Experimental Brain Research

, Volume 201, Issue 1, pp 1–11 | Cite as

Neuroanatomical correlates of olfactory performance

  • Johannes Frasnelli
  • Johan N. Lundström
  • Julie A. Boyle
  • Jelena Djordjevic
  • Robert J. Zatorre
  • Marilyn Jones-Gotman
Research Article


We investigated associations between olfactory function and gray matter thickness in 46 healthy young subjects by means of an automated technique for measuring cortical thickness. We used an extended version of the Sniffin’ Sticks test to assess olfactory function, including odor threshold, concentration discrimination, quality discrimination, and odor identification. We observed a correlation between olfactory performance and cortical thickness of structures involved in earlier and later stages of chemosensory processing such as right medial orbitofrontal cortex, right insula, and adjacent cortex. Furthermore, we found significant bilateral correlations of olfactory performance with cortical thickness of areas around the central sulcus bilaterally, structures responsible for voluntary respiration and sniffing. In addition to expected general sex effects on cortical thickness, we observed areas, such as the entorhinal cortex, occipital cortex, intraparietal sulcus and insula (all in the right hemisphere), where the correlation between higher order olfactory functions and cortical thickness differed between women and men. These data demonstrate, for some neuroanatomical structures, a link between cortical thickness and olfactory function, in that thicker cortex is usually associated with better performance, but not always. This association between anatomy and olfactory performance suggests a possible biological explanation for the high degree of individual differences and sex effects observed in higher order olfactory tasks.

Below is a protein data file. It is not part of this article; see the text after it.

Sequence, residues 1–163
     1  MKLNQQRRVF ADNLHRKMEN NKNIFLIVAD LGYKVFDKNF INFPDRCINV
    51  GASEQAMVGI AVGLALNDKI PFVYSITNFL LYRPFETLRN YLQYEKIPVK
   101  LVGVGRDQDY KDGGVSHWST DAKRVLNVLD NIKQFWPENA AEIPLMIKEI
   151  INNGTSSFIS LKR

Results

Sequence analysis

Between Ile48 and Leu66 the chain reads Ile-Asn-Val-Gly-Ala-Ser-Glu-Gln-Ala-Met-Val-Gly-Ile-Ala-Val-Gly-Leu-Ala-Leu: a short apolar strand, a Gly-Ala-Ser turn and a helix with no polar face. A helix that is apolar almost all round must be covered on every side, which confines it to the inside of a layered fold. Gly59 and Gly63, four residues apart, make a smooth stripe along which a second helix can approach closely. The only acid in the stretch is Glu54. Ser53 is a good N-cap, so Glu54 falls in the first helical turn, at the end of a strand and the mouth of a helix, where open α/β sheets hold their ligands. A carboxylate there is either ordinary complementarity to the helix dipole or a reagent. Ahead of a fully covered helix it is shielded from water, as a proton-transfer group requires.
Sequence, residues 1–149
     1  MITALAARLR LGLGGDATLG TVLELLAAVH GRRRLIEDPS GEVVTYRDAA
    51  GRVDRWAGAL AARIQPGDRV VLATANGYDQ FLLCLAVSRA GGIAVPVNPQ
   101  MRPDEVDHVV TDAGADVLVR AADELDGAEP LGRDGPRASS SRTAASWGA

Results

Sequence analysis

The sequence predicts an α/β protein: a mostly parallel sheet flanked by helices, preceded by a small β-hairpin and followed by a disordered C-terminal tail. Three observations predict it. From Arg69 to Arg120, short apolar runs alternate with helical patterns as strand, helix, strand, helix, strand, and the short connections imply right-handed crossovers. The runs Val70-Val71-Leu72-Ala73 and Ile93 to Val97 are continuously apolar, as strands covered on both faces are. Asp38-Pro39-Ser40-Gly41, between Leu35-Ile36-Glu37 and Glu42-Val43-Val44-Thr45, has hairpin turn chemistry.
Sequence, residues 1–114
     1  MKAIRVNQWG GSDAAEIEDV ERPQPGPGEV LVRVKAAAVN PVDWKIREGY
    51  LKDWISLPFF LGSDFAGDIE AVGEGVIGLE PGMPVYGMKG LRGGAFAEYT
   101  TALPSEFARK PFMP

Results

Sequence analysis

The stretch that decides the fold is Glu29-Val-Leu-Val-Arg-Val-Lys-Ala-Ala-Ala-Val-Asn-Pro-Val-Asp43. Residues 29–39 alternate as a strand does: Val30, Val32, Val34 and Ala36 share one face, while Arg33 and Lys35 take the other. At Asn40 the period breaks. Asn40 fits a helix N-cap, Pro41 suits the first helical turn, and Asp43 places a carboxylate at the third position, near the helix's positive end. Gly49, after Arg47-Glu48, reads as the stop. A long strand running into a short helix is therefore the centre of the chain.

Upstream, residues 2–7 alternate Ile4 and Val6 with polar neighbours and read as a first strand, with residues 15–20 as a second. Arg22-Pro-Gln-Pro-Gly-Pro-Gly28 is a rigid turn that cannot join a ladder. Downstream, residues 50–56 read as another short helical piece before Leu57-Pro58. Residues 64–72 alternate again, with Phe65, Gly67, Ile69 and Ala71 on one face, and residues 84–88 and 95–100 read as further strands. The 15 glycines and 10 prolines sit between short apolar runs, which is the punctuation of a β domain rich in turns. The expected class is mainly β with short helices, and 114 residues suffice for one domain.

Smell Olfaction Cortical thickness Brain anatomy MRI 



We thank Alan Evans, Sylvain Milot, Claude Lepage, Nicolas Guizard, Samir Das, Ilana Leppert and the people from the McConnell Brain Imaging Centre of the Montreal Neurological Institute for the use of and the help with the CIVET data pipeline. We thank Marc Bouffard and Marc Schönwiesner for their suggestions at the data analysis. We thank Monica Hernandez, Giulia DeProphetis, and Aline Gauchat for behavioral testing. This study was supported by operating grant (MOP 57846) awarded to MJG by the Canadian Institutes of Health Research. JF is now supported by the Fondation de Ste.-Justine and the Fondation des Etoiles, JNL is now supported by the NIDCD (R03DC009869). RJZ is supported by the Canadian Institutes of Health Research and the Natural Sciences and Engineering Research Council.


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Copyright information

© Springer-Verlag 2009

Authors and Affiliations

  • Johannes Frasnelli
    • 1
    • 2
    • 3
    • 7
  • Johan N. Lundström
    • 2
    • 5
    • 6
  • Julie A. Boyle
    • 2
    • 4
  • Jelena Djordjevic
    • 2
  • Robert J. Zatorre
    • 2
    • 4
  • Marilyn Jones-Gotman
    • 2
    • 4
  1. 1.Centre Hospitalier Universitaire Sainte-JustineUniversité de MontréalMontrealCanada
  2. 2.Montreal Neurological InstituteMcGill UniversityMontrealCanada
  3. 3.Centre de Recherche en Neuropsychologie et CognitionUniversité de MontréalMontrealCanada
  4. 4.Department of PsychologyMcGill UniversityMontrealCanada
  5. 5.Monell Chemical Senses CenterPhiladelphiaUSA
  6. 6.Department of PsychologyUniversity of PennsylvaniaPhiladelphiaUSA
  7. 7.Department de PsychologieUniversité de MontréalMontrealCanada

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